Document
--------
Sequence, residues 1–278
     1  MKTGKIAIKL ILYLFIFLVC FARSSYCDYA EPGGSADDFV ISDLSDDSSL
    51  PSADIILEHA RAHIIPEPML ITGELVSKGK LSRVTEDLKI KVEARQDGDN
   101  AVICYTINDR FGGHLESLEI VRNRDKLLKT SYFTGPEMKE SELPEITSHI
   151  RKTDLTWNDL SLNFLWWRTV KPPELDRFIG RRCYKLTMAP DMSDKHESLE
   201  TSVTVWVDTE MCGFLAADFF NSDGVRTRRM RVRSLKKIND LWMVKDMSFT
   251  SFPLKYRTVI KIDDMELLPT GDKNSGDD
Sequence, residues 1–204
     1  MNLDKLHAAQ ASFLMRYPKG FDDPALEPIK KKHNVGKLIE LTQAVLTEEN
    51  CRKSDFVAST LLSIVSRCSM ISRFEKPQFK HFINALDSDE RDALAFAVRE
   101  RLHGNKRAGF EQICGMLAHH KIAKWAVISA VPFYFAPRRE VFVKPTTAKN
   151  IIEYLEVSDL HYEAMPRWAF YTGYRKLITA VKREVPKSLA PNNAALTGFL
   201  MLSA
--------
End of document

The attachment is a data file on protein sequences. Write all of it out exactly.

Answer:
Sequence, residues 1–278
     1  MKTGKIAIKL ILYLFIFLVC FARSSYCDYA EPGGSADDFV ISDLSDDSSL
    51  PSADIILEHA RAHIIPEPML ITGELVSKGK LSRVTEDLKI KVEARQDGDN
   101  AVICYTINDR FGGHLESLEI VRNRDKLLKT SYFTGPEMKE SELPEITSHI
   151  RKTDLTWNDL SLNFLWWRTV KPPELDRFIG RRCYKLTMAP DMSDKHESLE
   201  TSVTVWVDTE MCGFLAADFF NSDGVRTRRM RVRSLKKIND LWMVKDMSFT
   251  SFPLKYRTVI KIDDMELLPT GDKNSGDD
Sequence, residues 1–204
     1  MNLDKLHAAQ ASFLMRYPKG FDDPALEPIK KKHNVGKLIE LTQAVLTEEN
    51  CRKSDFVAST LLSIVSRCSM ISRFEKPQFK HFINALDSDE RDALAFAVRE
   101  RLHGNKRAGF EQICGMLAHH KIAKWAVISA VPFYFAPRRE VFVKPTTAKN
   151  IIEYLEVSDL HYEAMPRWAF YTGYRKLITA VKREVPKSLA PNNAALTGFL
   201  MLSA